For going to Olympia the train is faster and a much nicer ride though the bus is much cheaper. Still there is no lack of passengers getting on or off in Olympia. In fact I wouldn’t be surprised if it is the busiest stop between Seattle and Portland.

      2. Looking at the on-offs (latest data I found was 2006) I come up with only about 85 people average (I’m sure some time slots are way more popular) riding B’ham to Seattle. The train is the same length from B’ham to Seattle as from Seattle to Portland, right? So there must be quiet a bit of unused capacity on the northern leg. In the ridership report they mentioned several reasons ridership had dropped in ’06 from ’05 (floods, maintenance on rolling stock, poor on time performance) but they don’t list competition from buses. The $20 fare seems reasonable but it’s tough to compete with “free” (Whatcom Transit County Connector) or even $2 fares for 60 mile express bus trips. I understand why the county transit agencies are providing the subsidies (commutes from the hinterlands) but, if the train is cheaper and has untapped capacity, it seems like we’re missing out on something?

      3. I wouldn’t be surprised if [Olympia] is the busiest stop between Seattle and Portland.

        Actually from the on-offs data, Tacoma 90,000, Vancouver WA 60,000 and Olympia 40,000. The other stops, Kelso/Longview, Tukwila, Centralia are all 17.5-25 thousand.

      4. Thanks I hadn’t looked at the data so I wasn’t sure. Still Olympia is pretty busy, especially considering the station is out in the middle of nowhere.

      5. Yeah, B’ham at 60,000 is more of a surprise to me. I guess it’s because it’s the “end of the line” in many cases for a lot of folks headed to/from Canada. Oly’s not so much the middle of nowhere anymore. Lacey has mushroomed; the military presence and some major employers in Dupont I would guess driving much of it. It’s also the gateway to the Olympic Peninsula. I’m also surprised Tukwila was only 20,000; same as Kelso/Longview and Everett. Mt Vernon beats them all with 25,000 (outlet malls?). Or maybe it’s just the really cool hand dryers at Skagit Station ;-)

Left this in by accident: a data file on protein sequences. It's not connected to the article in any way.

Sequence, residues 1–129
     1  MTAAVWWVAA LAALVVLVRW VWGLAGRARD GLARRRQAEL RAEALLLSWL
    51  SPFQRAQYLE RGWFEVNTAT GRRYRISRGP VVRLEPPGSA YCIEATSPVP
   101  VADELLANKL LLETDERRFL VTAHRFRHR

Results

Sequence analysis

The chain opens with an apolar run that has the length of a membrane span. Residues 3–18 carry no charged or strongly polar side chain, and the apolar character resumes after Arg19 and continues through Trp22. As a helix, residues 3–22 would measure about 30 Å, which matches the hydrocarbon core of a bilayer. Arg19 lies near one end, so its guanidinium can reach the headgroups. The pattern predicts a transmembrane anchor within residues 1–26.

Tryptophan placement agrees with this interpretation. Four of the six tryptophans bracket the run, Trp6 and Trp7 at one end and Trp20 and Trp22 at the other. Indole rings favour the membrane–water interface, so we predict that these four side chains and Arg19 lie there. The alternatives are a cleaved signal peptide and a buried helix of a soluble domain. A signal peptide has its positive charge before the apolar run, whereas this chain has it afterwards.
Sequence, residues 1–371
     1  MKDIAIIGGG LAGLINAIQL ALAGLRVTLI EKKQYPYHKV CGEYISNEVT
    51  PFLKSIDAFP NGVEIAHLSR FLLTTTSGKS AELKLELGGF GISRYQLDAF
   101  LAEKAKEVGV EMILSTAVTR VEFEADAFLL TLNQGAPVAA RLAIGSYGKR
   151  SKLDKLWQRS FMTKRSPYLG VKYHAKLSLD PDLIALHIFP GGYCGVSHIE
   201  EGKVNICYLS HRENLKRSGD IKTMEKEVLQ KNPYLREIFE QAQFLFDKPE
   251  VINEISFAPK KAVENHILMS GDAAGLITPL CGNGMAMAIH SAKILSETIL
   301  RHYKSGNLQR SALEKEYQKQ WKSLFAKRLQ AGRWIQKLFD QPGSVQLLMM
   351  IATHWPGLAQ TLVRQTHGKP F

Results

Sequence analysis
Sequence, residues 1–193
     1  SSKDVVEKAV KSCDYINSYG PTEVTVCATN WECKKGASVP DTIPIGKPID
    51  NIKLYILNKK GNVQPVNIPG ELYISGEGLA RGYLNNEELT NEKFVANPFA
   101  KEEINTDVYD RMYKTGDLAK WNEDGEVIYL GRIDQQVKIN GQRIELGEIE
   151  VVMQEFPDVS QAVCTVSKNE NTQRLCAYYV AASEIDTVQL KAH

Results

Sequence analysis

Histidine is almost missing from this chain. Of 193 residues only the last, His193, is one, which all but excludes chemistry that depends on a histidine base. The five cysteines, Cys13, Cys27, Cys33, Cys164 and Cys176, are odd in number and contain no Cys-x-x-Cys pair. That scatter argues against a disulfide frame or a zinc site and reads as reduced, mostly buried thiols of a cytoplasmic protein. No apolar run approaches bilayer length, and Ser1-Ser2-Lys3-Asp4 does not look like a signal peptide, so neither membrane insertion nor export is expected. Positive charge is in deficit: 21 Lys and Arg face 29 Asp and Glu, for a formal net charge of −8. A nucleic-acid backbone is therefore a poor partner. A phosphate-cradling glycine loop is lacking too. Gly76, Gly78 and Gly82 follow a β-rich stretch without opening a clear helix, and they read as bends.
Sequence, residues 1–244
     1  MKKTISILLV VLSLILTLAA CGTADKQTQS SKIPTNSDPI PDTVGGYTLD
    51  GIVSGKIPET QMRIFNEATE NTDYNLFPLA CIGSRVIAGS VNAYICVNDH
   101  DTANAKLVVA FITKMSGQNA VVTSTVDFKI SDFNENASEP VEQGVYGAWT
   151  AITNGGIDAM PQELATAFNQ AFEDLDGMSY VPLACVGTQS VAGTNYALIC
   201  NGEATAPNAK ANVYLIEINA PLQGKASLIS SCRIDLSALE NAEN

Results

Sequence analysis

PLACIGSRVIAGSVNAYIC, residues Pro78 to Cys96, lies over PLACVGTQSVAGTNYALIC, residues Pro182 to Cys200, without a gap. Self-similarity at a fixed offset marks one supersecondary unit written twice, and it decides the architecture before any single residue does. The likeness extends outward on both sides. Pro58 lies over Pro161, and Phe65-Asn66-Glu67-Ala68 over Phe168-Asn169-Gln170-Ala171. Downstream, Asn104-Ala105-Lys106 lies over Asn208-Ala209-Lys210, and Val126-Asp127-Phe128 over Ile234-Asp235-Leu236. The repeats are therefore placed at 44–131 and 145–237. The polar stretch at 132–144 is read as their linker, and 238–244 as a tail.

6. By “middle of nowhere” I was refering to the Olympia Amtrak station itself which is a couple of miles from downtown and bordered by fields on two sides and suburban sprawl on two others. Olympia the metro area is hardly in the middle of nowhere.

      7. The fare between Bellingham and Mount Vernon is $2. But still a great deal from Bellingham to Bellevue (Total for $6.50). The “free” ride is probably because of the Western Washington University bus pass that costs $25 per quarter.

      8. Amtrak charges based on how full the train is. You can get the minimum fare by booking 2-4 weeks in advance or riding on a weekday. The minimum was $20 the last time I rode to Vancouver, but that was several years ago. Amtrak can’t raise the fares much or budget-minded people like me will take Greyhound. I already take Greyhound more than I’d like because the Cascades schedules are so limited.

        I think the $20 fare is pretty impressive compared to Amtrak’s other services, and I assume it’s because of the state subsidy. So take the train and put your tax dollars to a better cause than highways. :)

      9. FYI, you can do Amtrak reservations literally minutes before getting on, even with amtrakguestrewards points. You can also cancel for no reason with no penalty. But, it doesn’t save you any money and you’re playing with fire if you want a seat on busy holidays. Check out amtrakguestrewards though: only 3000 points per coach ticket for Cascades. We take several free trips a year because we have the credit card. Just don’t give the card to your college kid. ;)

  9. Office shuttles to transit stations are more widespread in the Bay Area. Hopefully they will increase here. Boeing could be an example (but so far it hasn’t been).